Budget: a factor for most folks


For us narrow gamut is enough and TB docking station is important. Therefore there was only once choice....ATD. You can get them for a few bucks less as refurbed from Apple with warranty.
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Old Oct 15, 2013, 11:47 AM   #16
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I have a Dell 2713HM. Excellent Monitor. I recommend it. Works well with Macs too
This. Been very happy with mine. Is it a wide gamut? No. Do I care? Not really. If you plan on doing pro work, or printing, that may be a consideration. For every day, hobby, internet sharing, etc. It's great.
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Old Oct 15, 2013, 02:27 PM   #17
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As others have suggested HP, NEC, Dell all make great displays for this kind of work Expect to shell out a bit to get the premium offerings with the good panel uniformity and colour accuracy.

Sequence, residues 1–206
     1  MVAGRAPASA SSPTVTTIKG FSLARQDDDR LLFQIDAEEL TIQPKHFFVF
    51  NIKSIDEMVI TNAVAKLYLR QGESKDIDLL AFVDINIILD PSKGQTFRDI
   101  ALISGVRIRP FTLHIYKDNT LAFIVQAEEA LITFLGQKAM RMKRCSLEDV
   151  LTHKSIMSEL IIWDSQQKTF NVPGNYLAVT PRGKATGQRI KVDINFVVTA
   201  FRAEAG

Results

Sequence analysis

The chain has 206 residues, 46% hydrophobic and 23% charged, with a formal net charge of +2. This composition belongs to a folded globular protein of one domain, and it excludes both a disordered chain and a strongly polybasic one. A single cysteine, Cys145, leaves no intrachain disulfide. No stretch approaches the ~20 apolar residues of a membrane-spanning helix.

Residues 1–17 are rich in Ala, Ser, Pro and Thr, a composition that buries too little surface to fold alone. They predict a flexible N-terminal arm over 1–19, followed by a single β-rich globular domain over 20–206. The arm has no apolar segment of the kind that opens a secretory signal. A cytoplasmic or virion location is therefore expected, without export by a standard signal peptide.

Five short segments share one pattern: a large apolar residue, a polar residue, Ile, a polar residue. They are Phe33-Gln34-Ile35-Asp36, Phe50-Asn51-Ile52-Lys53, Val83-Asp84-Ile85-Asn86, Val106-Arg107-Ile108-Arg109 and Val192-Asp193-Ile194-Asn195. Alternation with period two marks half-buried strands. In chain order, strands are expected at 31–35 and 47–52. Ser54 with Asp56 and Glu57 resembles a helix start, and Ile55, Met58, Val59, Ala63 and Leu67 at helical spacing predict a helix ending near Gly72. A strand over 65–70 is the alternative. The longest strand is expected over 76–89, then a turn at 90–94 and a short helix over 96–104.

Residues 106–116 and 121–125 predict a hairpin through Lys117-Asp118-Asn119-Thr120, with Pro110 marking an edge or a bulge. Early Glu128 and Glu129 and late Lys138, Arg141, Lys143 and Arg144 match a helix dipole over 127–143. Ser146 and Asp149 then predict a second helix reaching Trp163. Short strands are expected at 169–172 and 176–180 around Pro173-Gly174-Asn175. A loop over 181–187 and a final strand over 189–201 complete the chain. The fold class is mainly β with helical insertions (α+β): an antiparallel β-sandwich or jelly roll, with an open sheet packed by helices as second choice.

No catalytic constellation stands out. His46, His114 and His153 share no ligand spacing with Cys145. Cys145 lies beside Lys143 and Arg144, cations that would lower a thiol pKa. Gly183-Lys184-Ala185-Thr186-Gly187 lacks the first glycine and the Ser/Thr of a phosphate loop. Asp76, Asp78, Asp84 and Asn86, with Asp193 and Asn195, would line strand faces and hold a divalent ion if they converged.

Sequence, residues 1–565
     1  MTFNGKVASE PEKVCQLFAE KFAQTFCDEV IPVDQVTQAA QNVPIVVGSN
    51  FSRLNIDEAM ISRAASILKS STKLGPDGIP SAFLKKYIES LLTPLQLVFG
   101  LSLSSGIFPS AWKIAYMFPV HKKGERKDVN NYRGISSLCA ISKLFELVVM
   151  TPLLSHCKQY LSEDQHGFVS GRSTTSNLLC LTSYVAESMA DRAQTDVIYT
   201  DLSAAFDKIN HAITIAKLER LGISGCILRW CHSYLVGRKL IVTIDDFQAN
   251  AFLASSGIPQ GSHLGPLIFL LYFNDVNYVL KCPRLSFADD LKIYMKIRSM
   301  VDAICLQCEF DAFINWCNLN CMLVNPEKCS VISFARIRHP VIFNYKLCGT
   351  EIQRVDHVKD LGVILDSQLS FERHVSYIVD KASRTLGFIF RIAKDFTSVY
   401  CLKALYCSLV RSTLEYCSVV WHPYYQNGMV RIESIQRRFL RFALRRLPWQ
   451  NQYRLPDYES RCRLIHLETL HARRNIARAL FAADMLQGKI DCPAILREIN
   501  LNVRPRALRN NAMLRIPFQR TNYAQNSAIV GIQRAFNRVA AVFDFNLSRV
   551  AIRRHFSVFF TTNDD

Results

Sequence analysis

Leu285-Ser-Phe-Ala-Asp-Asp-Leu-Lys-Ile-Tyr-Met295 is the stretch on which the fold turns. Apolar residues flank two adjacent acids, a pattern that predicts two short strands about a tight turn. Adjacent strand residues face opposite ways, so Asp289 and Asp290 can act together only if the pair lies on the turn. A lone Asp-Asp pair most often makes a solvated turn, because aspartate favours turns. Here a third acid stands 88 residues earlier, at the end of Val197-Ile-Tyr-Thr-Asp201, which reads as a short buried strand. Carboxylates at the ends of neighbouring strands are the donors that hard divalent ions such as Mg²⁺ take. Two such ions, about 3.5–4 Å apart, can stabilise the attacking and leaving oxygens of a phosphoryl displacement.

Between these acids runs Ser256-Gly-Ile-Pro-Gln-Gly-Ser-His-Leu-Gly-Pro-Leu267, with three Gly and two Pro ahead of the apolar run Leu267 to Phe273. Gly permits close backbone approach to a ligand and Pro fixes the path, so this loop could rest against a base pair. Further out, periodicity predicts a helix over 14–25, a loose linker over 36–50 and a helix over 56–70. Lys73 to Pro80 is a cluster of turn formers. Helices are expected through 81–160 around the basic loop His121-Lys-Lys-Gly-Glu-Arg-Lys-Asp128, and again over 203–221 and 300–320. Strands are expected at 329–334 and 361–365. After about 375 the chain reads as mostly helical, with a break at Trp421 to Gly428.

I personally use a Dell U2713H which is their new GB-LED backlit 27" IPS panel with AdobeRGB gamut. I have calibrated it and it is 99% AdobeRGB, dE less than 1.0, very high colour uniformity (max dE 0.87 vs center) and brightness uniformity is great too (max deviation 99% vs center). The 3M matte hardcoat is nice and not too "grainy". The only problem with it is that I plug it into a Retina MacBook Pro 15" at work... stupid retina screens make everything else look blurry.

I would suggest that AdobeRGB isn't actually important most of the time. Most of the additional colours AdobeRGB adds aren't really in any commonly used palette. Don't get me wrong I do notice, and I do appreciate it when doing editing work. However, properly calibrated it renders most things just like an sRGB screen because most things have sRGB profiles embedded anyways (except anything in Chrome because it thinks everything is sRGB all the time).